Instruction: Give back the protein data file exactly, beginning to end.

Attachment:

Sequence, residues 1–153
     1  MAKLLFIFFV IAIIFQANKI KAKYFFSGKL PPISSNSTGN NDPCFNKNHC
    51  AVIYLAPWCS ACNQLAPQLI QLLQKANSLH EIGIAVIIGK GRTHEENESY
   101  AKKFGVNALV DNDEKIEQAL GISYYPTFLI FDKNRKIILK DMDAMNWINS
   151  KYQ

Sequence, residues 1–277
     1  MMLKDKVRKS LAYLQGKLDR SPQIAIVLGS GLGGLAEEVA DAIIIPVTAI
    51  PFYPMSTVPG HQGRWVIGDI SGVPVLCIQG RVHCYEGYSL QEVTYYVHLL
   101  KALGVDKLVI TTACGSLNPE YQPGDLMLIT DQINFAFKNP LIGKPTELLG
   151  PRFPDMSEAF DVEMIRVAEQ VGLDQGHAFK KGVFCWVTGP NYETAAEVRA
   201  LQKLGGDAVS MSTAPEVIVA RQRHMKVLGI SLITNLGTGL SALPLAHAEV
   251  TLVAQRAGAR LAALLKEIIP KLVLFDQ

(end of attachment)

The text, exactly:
Sequence, residues 1–153
     1  MAKLLFIFFV IAIIFQANKI KAKYFFSGKL PPISSNSTGN NDPCFNKNHC
    51  AVIYLAPWCS ACNQLAPQLI QLLQKANSLH EIGIAVIIGK GRTHEENESY
   101  AKKFGVNALV DNDEKIEQAL GISYYPTFLI FDKNRKIILK DMDAMNWINS
   151  KYQ

Sequence, residues 1–277
     1  MMLKDKVRKS LAYLQGKLDR SPQIAIVLGS GLGGLAEEVA DAIIIPVTAI
    51  PFYPMSTVPG HQGRWVIGDI SGVPVLCIQG RVHCYEGYSL QEVTYYVHLL
   101  KALGVDKLVI TTACGSLNPE YQPGDLMLIT DQINFAFKNP LIGKPTELLG
   151  PRFPDMSEAF DVEMIRVAEQ VGLDQGHAFK KGVFCWVTGP NYETAAEVRA
   201  LQKLGGDAVS MSTAPEVIVA RQRHMKVLGI SLITNLGTGL SALPLAHAEV
   251  TLVAQRAGAR LAALLKEIIP KLVLFDQ